Joe Kubert was an American comic book artist and a major figure in the history of American comics.
Kubert is best known for his work for DC Comics that included definitive versions of characters like Sgt. Rock and Hawkman, as well as an interpretation of Tarzan for Dark Horse. He also created his own characters and titles, including Tor, Son of Sinbad and The Viking Prince.
In addition to the impact of Kubert’s work, which was influential on generations of comics artists, he helped directly nurture the talent of numerous young comics professionals through the establishment The Kubert School, originally the Joe Kubert School of Cartoon and Graphic Art, in New Jersey.
The Kubert school was the first accredited school dedicated to cartooning and comic art. It’s a testament to the school that in sharp contrast to some “diploma mill” art schools, the Kubert School has a high drop out rate; young students who think they can cruise through doing pin-ups of Wolverine and big-eyed manga girls soon find they are expected to complete a rigorous program. The school’s graduates include numerous well known figures in the comic book industry.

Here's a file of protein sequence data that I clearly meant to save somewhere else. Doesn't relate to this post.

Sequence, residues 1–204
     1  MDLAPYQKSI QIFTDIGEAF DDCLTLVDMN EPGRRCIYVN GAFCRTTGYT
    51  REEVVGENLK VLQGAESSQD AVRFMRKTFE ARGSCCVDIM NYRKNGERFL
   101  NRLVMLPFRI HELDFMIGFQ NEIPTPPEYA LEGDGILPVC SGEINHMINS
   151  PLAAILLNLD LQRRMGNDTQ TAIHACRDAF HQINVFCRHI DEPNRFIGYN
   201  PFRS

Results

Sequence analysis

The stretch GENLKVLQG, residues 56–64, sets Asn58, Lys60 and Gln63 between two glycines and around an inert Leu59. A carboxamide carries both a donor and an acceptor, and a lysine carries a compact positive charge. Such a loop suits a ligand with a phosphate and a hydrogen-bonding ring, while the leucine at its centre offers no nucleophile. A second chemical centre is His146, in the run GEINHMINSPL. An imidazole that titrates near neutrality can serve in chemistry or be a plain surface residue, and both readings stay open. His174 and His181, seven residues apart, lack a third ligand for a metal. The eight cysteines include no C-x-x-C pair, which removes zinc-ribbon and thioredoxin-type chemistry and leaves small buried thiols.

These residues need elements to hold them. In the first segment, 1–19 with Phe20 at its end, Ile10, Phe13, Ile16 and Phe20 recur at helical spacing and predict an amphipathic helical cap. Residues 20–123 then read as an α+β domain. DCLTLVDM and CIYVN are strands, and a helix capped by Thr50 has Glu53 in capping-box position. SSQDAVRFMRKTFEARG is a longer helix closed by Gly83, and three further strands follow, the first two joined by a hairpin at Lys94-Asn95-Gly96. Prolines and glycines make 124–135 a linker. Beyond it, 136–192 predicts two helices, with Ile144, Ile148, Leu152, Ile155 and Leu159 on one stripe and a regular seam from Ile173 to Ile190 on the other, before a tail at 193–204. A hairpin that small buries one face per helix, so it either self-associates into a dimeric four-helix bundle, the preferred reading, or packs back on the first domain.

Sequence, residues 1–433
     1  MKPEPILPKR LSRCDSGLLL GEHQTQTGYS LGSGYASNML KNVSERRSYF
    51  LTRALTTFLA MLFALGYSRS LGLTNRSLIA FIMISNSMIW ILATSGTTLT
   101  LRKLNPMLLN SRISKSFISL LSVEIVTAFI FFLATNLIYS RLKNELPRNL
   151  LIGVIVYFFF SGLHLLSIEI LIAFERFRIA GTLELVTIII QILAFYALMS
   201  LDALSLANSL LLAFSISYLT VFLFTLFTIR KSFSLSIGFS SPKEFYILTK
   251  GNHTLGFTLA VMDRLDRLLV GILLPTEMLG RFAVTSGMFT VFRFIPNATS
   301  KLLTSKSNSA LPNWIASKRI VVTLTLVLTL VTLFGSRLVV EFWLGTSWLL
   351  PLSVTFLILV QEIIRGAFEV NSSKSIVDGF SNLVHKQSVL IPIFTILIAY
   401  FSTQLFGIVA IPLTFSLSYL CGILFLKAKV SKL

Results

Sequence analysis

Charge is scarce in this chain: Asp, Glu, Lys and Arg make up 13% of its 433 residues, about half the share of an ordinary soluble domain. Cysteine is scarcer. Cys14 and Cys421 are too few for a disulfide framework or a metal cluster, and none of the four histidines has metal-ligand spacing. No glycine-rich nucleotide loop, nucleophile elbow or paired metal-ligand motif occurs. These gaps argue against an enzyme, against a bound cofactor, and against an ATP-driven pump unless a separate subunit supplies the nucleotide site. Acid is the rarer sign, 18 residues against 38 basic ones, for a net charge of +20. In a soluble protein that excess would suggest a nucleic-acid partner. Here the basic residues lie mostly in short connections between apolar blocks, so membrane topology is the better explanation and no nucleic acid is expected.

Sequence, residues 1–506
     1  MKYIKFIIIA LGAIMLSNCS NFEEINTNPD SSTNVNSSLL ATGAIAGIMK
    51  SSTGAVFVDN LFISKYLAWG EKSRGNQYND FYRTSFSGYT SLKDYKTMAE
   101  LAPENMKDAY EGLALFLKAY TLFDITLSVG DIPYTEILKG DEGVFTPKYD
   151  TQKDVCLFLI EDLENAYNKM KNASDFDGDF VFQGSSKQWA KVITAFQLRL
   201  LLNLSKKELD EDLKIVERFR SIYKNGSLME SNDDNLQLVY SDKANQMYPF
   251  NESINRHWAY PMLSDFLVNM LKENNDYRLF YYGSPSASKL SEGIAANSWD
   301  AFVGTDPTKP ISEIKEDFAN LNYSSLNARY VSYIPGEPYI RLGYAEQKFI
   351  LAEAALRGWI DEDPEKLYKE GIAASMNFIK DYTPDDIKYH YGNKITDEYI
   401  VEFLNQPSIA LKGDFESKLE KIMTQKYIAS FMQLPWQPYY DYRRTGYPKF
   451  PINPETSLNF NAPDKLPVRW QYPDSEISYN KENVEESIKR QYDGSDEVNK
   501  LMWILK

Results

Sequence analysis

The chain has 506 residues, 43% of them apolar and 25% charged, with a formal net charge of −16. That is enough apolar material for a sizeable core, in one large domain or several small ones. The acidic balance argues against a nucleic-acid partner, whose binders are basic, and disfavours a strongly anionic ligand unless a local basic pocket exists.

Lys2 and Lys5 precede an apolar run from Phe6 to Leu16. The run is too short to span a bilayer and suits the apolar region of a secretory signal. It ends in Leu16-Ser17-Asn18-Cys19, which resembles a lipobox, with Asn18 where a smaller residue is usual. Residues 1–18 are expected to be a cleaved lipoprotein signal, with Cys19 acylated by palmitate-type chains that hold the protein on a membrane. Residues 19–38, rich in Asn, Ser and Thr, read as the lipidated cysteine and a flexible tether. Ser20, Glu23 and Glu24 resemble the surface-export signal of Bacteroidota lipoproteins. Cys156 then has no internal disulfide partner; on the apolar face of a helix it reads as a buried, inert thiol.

Kubert’s own style was remarkable for its combination of fluidity and solid draftsmanship. He had a way of using gestural lines and hatching, giving his figures solidity and movement in the same rendering. He also knew how to anchor his page compositions with spotted blacks in a way that allowed his suggestions of movement to play out with a sensation of realism often missing from the work of many mainstream comics artists.
Joe Kubert left a lasting legacy when he died this weekend at the age of 85.
Kubert’s two sons, Adam and Andy Kubert are also well known and respected comics artists, as well as graduates of the Kubert School.
There is a biography, Man of Rock, and a collection, The Art of Joe Kubert, available from Fantagraphics.
[Notice courtesy of Gregory Frost]
[Addendum: The Comics Journal has posted their extensive interview with Joe Kubert from 1994. Gutters has posted a Neal Adams tribute drawing of Kubert and some of the well known graduates of the Kubert School.]
Unofficial gallery on Comic Art Community
Unofficial gallery on Comic Art Fans
Search on Golden Age Comic Book Stories (mixed with other artists)
Tarzan: The Joe Kubert Years, Dark Horse (click Next Page above image)
Comics Journal interview with Joe Kubert
2009 article on Graphic NYC
Article by Steve Stiles
Silver and Bronze Age Subjects
Bio on Lambiek Comiclopedia
Bio on Comic Book DB
Bio on Wikipedia
The Kubert School on Wikipedia
Remembrances and Obits:
Neal Adams tribute drawing
Remembrance by Mark Evanier
3 Replies to “Joe Kubert (1926-2012)”
RIP Joe. Always enjoyed your work and it was great to meet you many years ago.
My condolences to his family.
Thanks for this trip down memory lane.
I’ll add that you can’t hardly find in all the bios the fact that Kubert was veteran of the Korean war. It interests me that he admired the WW II GI the same way we all do, and yet he also created an anti-war persona for himself.
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